So it looks as though faulty arson science resulted in yet another likely innocent person spending almost three decades behind bars. At least in this case, unlike in the Willingham case, the person in question wasn’t murdered by a state more obsessed with revenge than justice.
I’m to the point now where I think the government should have to go back to every arson conviction that was issued prior to 2000 and review them; possibly with new trials for all. Yes, this would be expensive, but so what? We know that much of the evidence used to convict people of arson prior to about 2000 or so was extremely faulty and not worthy of being called “science-based” in any way. It is therefore worth it to go back and look at every case.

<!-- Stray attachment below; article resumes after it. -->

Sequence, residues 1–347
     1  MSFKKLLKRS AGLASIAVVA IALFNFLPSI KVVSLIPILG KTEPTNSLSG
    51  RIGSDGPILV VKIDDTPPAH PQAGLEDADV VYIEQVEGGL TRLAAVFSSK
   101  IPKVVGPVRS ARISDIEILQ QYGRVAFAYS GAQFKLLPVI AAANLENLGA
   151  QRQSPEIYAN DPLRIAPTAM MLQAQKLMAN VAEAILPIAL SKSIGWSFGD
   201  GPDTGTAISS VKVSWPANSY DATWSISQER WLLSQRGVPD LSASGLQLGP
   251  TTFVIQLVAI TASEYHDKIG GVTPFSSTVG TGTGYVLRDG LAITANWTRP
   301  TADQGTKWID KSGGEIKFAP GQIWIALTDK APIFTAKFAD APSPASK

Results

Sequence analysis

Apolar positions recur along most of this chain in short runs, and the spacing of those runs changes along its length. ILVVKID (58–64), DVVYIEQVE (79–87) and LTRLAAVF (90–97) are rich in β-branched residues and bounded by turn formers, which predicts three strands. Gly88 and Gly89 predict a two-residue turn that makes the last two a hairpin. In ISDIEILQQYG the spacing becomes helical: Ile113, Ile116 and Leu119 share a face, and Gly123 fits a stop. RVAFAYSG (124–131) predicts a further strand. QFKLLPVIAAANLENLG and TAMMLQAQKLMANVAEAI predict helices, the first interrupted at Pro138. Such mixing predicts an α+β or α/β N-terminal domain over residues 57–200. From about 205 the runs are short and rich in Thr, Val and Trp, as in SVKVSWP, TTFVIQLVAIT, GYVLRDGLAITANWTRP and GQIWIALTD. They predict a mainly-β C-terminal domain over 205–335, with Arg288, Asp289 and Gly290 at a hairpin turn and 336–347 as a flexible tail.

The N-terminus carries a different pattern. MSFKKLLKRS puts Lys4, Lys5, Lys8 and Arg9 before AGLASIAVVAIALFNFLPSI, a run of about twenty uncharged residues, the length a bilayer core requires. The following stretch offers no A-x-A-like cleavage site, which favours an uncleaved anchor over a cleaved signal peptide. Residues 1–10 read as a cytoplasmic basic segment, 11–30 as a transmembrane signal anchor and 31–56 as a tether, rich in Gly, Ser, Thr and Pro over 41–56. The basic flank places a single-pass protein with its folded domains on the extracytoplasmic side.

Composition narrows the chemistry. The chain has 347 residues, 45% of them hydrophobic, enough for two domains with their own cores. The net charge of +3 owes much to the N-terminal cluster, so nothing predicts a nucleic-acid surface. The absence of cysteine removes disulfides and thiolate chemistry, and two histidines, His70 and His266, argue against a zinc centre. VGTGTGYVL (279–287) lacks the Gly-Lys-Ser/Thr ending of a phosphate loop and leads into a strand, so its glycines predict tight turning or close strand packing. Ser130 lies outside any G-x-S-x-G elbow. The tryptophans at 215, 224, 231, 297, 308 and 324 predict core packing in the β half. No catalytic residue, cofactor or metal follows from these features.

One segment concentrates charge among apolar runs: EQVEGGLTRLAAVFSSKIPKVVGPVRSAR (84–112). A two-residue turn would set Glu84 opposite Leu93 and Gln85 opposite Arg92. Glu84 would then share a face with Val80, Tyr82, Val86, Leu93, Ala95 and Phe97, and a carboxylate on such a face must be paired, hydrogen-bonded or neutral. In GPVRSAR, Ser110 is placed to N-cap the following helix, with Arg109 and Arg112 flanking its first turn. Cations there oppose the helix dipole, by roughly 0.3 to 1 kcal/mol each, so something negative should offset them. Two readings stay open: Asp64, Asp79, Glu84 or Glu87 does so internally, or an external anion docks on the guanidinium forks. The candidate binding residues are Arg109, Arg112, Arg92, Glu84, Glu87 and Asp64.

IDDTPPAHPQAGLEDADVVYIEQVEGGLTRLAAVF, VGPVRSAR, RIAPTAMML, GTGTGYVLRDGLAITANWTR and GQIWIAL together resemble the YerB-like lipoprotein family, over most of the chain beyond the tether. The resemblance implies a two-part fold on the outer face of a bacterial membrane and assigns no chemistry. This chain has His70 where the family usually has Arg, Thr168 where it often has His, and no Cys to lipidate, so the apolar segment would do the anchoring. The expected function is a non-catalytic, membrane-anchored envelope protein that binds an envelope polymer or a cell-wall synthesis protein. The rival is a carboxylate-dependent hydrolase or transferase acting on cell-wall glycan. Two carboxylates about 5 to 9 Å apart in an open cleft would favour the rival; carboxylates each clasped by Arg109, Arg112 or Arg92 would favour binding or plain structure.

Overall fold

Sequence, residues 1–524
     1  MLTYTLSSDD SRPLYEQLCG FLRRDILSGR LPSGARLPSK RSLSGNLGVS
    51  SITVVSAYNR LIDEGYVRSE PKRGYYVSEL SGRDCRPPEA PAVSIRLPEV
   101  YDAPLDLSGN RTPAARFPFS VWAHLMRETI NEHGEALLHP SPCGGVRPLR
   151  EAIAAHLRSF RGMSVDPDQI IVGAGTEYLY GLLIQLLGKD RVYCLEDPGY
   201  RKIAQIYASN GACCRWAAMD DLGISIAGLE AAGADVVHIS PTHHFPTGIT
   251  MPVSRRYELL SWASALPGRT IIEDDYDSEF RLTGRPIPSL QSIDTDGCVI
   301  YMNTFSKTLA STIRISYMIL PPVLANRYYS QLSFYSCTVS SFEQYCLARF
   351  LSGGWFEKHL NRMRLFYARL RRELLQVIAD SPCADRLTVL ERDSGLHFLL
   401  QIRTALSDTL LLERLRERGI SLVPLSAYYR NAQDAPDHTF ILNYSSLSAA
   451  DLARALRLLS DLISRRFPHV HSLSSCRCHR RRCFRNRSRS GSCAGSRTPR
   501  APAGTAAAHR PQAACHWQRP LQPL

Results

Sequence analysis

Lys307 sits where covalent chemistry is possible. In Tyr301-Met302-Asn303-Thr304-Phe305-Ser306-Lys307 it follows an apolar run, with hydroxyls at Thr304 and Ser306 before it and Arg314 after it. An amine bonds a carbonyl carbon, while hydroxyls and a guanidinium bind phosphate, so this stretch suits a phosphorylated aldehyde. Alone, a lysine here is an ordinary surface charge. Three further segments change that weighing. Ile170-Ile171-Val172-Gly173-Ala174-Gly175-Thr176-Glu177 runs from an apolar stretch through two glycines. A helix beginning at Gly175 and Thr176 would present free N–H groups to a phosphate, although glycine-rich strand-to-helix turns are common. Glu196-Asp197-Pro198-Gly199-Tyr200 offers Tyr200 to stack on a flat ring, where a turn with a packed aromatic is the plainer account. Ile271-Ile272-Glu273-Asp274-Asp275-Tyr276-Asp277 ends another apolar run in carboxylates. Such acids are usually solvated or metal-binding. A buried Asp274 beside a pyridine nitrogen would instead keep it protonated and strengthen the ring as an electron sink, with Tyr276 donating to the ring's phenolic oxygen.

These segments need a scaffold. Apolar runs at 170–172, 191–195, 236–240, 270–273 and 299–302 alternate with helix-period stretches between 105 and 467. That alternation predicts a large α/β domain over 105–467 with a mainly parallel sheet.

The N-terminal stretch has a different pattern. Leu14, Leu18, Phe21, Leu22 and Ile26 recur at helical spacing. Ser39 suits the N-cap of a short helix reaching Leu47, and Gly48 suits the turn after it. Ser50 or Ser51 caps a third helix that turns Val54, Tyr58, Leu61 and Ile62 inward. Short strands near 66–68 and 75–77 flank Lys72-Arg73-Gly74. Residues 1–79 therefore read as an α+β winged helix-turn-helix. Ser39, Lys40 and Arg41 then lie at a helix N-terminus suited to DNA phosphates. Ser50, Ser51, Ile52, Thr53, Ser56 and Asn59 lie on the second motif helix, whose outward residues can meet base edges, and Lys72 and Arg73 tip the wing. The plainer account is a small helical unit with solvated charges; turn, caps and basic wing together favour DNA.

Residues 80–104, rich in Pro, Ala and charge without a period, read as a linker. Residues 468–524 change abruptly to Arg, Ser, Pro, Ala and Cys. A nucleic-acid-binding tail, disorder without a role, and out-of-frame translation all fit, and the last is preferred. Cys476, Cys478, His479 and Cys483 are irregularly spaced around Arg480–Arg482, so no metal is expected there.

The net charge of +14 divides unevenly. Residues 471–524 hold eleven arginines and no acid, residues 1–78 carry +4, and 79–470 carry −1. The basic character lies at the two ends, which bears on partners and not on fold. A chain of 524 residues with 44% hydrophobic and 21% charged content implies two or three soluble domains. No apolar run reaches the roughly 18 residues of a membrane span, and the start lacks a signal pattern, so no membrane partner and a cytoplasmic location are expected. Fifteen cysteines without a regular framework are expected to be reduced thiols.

There’s really no down side here. If the new science upholds convictions then great; we know we got it right despite the faulty science that existed before. But if even only a handful of convictions turn out to be wrong, well, at least we’ve done what we can to fix the situation and can hopefully make it up to the victims.